April 05 2017 09:07AM
Starting next week it's going to be playoffs, playoffs, playoffs. But it's not next week yet, so let's talk about the teams that won't be there while we still reasonably can. Here are five teams that are going to be forgotten for the next couple of months, that could be making major post-season noise in future years:
TAMPA BAY LIGHTNING
They're not technically eliminated yet, but they only have a 13.4% chance of making it in as of the writing of this article.
The Lightning are an obvious bounce-back candidate. For one, they'll likely only miss the playoffs by 2-4 points. Secondly, they have a track record of success, having made the Eastern Conference Finals in 2016 and the Stanley Cup Finals in 2015. Thirdly, Steven Stamkos missed three quarters of the season this year. If he can stay healthy next year, the Lightning have the foundation of a great team, with Stamkos, Nikita Kucherov, Victor Hedman, Andrei Vasilevski, and Jon Cooper providing the basis of a team that will have a lot to prove in 2017-2018.
Last year's Atlantic Division champions were pegged as contenders before the season started, so the fact that they're not making the playoffs is a huge disappointment. But a foundation of Aleksander Barkov, Jonathan Huberdeau, Vincent Trocheck, Aaron Ekblad, Keith Yandle, and one or both of Roberto Luongo and James Reimer should be enough to propel the Panthers back up the standings next season.
Up front, the fact that Patrick Sharp had a sharp decline and missed much of the year hurt their offensive depth. On defense, the team's depth was derailed with the losses of Alex Goligoski and Jason Demers. In goal, Kari Lehtonen and Antti Niemi were terrible, posting a .904 and .892 save percentage respectively. They had a mediocre puck possession game as well.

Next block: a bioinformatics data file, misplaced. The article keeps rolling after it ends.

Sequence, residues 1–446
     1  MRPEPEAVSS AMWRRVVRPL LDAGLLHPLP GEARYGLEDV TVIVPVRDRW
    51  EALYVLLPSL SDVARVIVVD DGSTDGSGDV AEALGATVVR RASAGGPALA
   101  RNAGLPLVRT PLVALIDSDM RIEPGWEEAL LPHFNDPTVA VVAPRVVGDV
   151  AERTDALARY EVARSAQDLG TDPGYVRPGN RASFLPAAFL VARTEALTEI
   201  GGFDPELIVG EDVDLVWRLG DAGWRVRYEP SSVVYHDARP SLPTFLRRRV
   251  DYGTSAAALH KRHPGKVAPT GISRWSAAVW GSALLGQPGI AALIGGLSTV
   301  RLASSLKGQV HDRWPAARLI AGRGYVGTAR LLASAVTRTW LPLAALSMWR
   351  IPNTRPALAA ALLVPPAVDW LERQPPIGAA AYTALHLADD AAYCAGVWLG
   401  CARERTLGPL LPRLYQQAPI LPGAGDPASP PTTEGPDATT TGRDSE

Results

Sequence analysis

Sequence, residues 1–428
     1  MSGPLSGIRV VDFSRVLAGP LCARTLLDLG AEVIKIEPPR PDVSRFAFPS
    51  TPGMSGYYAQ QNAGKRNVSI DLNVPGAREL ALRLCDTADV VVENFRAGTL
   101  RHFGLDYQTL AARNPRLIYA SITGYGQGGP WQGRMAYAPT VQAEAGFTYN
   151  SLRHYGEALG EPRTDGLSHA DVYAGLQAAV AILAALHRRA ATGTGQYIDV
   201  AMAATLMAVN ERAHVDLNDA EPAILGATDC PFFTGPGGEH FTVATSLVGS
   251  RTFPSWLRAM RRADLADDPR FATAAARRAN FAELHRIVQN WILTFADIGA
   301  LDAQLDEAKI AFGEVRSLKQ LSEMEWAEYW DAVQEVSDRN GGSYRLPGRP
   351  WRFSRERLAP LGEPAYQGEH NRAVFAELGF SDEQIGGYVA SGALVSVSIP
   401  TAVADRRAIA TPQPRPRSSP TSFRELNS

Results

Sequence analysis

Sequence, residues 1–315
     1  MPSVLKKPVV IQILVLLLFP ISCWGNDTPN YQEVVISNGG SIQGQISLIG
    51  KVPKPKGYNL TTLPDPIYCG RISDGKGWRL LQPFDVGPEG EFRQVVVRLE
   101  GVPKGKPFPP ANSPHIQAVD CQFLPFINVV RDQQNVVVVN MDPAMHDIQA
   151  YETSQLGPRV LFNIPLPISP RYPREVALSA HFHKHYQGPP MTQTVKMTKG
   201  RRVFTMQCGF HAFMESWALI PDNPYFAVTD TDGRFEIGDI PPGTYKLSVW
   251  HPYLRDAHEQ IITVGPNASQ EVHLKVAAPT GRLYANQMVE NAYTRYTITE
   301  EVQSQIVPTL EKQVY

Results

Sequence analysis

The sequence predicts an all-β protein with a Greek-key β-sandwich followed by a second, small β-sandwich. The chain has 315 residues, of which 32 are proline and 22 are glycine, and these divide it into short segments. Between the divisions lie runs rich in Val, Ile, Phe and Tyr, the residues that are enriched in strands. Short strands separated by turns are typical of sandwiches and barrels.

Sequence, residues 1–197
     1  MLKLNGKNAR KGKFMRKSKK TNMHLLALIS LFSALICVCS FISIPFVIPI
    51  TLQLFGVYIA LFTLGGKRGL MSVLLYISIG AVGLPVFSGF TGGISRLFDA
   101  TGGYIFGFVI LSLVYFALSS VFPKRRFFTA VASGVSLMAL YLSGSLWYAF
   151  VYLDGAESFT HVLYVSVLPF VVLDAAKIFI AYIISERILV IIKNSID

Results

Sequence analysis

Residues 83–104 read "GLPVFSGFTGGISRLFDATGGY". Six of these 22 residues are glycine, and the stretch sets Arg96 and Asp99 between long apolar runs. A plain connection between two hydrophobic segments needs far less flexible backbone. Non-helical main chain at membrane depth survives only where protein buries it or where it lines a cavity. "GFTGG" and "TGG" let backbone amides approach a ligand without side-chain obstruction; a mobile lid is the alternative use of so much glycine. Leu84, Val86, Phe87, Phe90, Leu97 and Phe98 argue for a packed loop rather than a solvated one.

Dallas could stand to add a couple of depth forwards to their lineup, but what they really need is to reshape their backend. They need to add a couple of legitimate top-four defensemen to their group, and they also need to find a capable starting goalie. Realistically, they won't add all that in one off-season, so this process will probably take multiple seasons for Dallas. Luckily, with Tyler Seguin, Jamie Benn, and John Klingberg already in place, Dallas already has the foundation to become an elite team.
Mark Schiefele, Patrik Laine, Nikolaj Ehlers, Blake Wheeler, and Bryan Little is one of the most potent young forwards cores in the league. And Dustin Byfuglien is a tremendous defenseman. But Winnipeg still had yet another disappointing season at the hands of a defense that gave up too many shots, and a couple of goalies that struggled mightily at keeping those shots out of the net. But if the Jets can add a defenseman in the off-season, if Josh Morrissey can continue to develop, and/or if the Jets can get even average goaltending next year from Michael Hutchinson, Connor Hellebyuck, or someone else, the Jets could fly up the standings and finally reach their potential.
LOS ANGELES KINGS
The Kings have really struggled since their recent run of dominance that saw them win Stanley Cups in 2012 and 2014. They have one of the best coaches in the league (for now) in Darryl Sutter. They have a defense led by Drew Doughty, Jake Muzzin, and Alec Martinez. Jonathan Quick and Ben Bishop is, if nothing else, a goaltending duo ripe with name value.
But what this team just can't do is score goals. They've lacked depth for a long time, even since their Cup-winning days. But that depth has gotten especially poor, thanks in large part to rapid declines from former top-six forwards like Dustin Brown and Mike Richards.
But perhaps the single biggest problem for the team is Anze Kopitar. He's still a good player that had a good season. But he needs to produce more offense for the team for them to have any shot at returning to Cup contention, because teams without a first-line center don't win the Cup. So if Kopitar can become a 70+ point player again, and the Kings can add a couple of depth forwards in the off-season, maybe Los Angeles can find their form once again.